23:0262(33)AR - Wyoming Air NG (WANG) and NAGE,Local No. 14-76 -- 1986 FLRAdec AR
[ v23 p262 ]
The decision of the Authority follows:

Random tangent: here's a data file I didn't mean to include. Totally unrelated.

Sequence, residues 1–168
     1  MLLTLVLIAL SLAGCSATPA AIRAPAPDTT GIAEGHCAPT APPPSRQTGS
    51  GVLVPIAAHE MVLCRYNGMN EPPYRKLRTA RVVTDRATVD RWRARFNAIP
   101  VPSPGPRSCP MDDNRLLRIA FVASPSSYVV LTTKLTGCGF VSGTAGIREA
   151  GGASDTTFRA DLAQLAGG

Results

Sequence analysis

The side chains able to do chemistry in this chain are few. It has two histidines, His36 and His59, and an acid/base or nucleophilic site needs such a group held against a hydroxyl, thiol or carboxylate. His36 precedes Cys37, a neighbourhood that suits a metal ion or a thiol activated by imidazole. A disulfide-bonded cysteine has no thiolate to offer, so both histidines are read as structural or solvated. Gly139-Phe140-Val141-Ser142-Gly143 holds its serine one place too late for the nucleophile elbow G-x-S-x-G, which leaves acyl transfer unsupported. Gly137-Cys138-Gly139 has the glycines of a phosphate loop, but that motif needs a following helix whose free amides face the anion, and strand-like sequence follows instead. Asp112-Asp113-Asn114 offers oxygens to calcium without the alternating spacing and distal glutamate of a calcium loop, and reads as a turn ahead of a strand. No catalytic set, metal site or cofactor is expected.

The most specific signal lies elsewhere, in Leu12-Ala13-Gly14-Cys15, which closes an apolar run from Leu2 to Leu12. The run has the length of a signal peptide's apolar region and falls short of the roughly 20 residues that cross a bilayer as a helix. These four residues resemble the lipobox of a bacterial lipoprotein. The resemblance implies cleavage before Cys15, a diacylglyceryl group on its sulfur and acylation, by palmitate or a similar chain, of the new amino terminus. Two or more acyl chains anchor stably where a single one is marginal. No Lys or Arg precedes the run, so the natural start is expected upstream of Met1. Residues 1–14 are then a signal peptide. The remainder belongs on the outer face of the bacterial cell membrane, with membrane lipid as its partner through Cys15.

23 FLRA No. 33 WYOMING AIR NATIONAL GUARD (WANG) Agency and NATIONAL ASSOCIATION OF GOVERNMENT EMPLOYEES (NAGE), LOCAL NO. 14-76 Union Case No. 0-AR-1117 DECISION I. STATEMENT OF THE CASE This matter is before the Authority on an exception to the award of Arbitrator James A. Evenson filed on behalf of the Agency by the Departments of the Army and the Air Force, National Guard Bureau under section 7122(a) of the Federal Service Labor-Management Relations Statute and part 2425 of the Authority's Rules and Regulations. The Union filed an opposition. /*/ II. BACKGROUND AND ARBITRATOR'S AWARD The grievance in this case arose when prior to the expiration of the parties' collective bargaining agreement the Agency notified the Union that on expiration of the agreement, it was electing no longer to be bound by the practice embodied in Article XXIX, Section 1 of the agreement relating to the wearing of the military uniform by civilian technicians. The Agency also notified the Union that beginning on a specified date, which constituted the Agency's determination as to when the agreement expired, civilian technicians would be required in accordance with agency regulation to wear the military uniform while performing technician duties. Article XXIX, Section 1 of the agreement provided that technicians had the option while performing their technician duties of wearing either the appropriate military uniform or "standard civilian attire . . . approved by the Adjutant General." A grievance was filed and submitted to arbitration essentially disputing that the agreement expired on the date specified by the Agency. In resolving the grievance the Arbitrator noted that consistent with the decisions of the Authority, the parties agreed that the requirement that civilian technicians wear the military uniform is a permissive subject of bargaining under section 7106(b)(1) of the Statute and that on expiration of the parties' collective bargaining agreement, the Agency at that time could require the wearing of the military Uniform. In agreement with the Union, however, he determined that the agreement had not expired on the date specified by the Agency and that the Agency had violated the agreement by requiring the wearing of the military uniform beginning on that date. Accordingly, as his award, the Arbitrator sustained the grievance and ordered the Agency to comply with the terms of the collective bargaining agreement until the agreement expired. III. EXCEPTION The Agency contends that the award is contrary to section 7106(a)(1) of the Statute. Specifically, the Agency argues that the wearing of the military uniform by civilian technicians while performing technician duties is necessary to carry out the mission of the Agency and for purposes of internal security. Although the Agency concedes that the decisions of the Authority have only found the uniform-wearing requirement to be a permissive subject of bargaining, the Agency maintains that it has the right under section 7106(a)(1) to require the wearing of the military uniform as part of its internal security practices. In support of this position, the Agency states that since airplanes of the Puerto Rico National Guard have been destroyed, the wearing of the military uniform by all civilian technicians is a reasonable security practice and precaution. Accordingly, the Agency concludes that the award is deficient by enforcing the provision of the agreement which grants civilian technicians the option of wearing standard civilian attire. IV. ANALYSIS AND CONCLUSIONS As recognized by the parties and by the Arbitrator, all decisions of the Authority after its decision and order on remand in Division of Military and Naval Affairs, State of New York, Albany, New York, 15 FLRA 288 (1984), aff'd sub nom. New York Council, Association of Civilian Technicians v. FLRA, 757 F.2d 502 (2d Cir.), cert denied, 106 S. Ct. 137 (1985), addressing the bargaining obligation with respect to the requirement of civilian technicians to wear the military uniform have decided that the requirement constitutes a method and means of performing work within the meaning of section 7106(b)(1) of the Statute and consequently is a permissive subject of bargaining. Although the Authority has been presented with the issue of whether the uniform-wearing requirement constituted a matter of internal security, the Authority determined that it was not necessary to decide the issue. Adjutant General, State of Ohio, Ohio Air National Guard, Worthington, Ohio, 21 FLRA No. 124 (1986). In order to resolve the Agency's exception in this case, it is necessary to determine whether the Arbitrator's award interferes with management's right to determine its internal security practices. We find solely in the circumstances of this case that the Agency fails to establish that the Arbitrator's award is contrary to section 7106(a)(1) of the Statute. As noted, the Arbitrator's award merely permits, until the expiration of the agreement (which may already have occurred), civilian technicians of the Wyoming Air National Guard the option of wearing standard civilian attire that has been approved by the Adjutant General. The Agency in its exception and supporting arguments fails to demonstrate in what manner this award prevents the Agency from protecting its property from loss, destruction, or disclosure. See National Treasury Employees Union and Department of the Treasury, U.S. Customs Service, 9 FLRA 983, 985-87 (1982), remanded as to other matters sub nom. Department of the Treasury, U.S. Customs Service v. FLRA, No. 82-2225 (D.C. Cir. Jan. 19, 1984). Likewise, the Agency fails to demonstrate in what manner the award interferes with management's right to determine the mission of the Agency. Thus, no basis is provided for finding the award deficient. V. DECISION Accordingly, the Agency's exception is denied. Issued, Washington, D.C., August 18, 1986. /s/ Jerry L. Calhoun Jerry L. Calhoun, Chairman /s/ Henry B. Frazier III Henry B. Frazier III, Member FEDERAL LABOR RELATIONS AUTHORITY --------------- FOOTNOTES$ --------------- (*) In its opposition the Union contends that the National Guard Bureau lacks standing to file an exception to the award because the Bureau was not a party to the arbitration. However, the Authority finds that the exception was properly filed by the Bureau on behalf of the Wyoming Air National Guard. See U.S. Immigration and Naturalization Service and American Federation of Government Employees, AFL-CIO, Local 1917, 20 FLRA No. 41 (1985).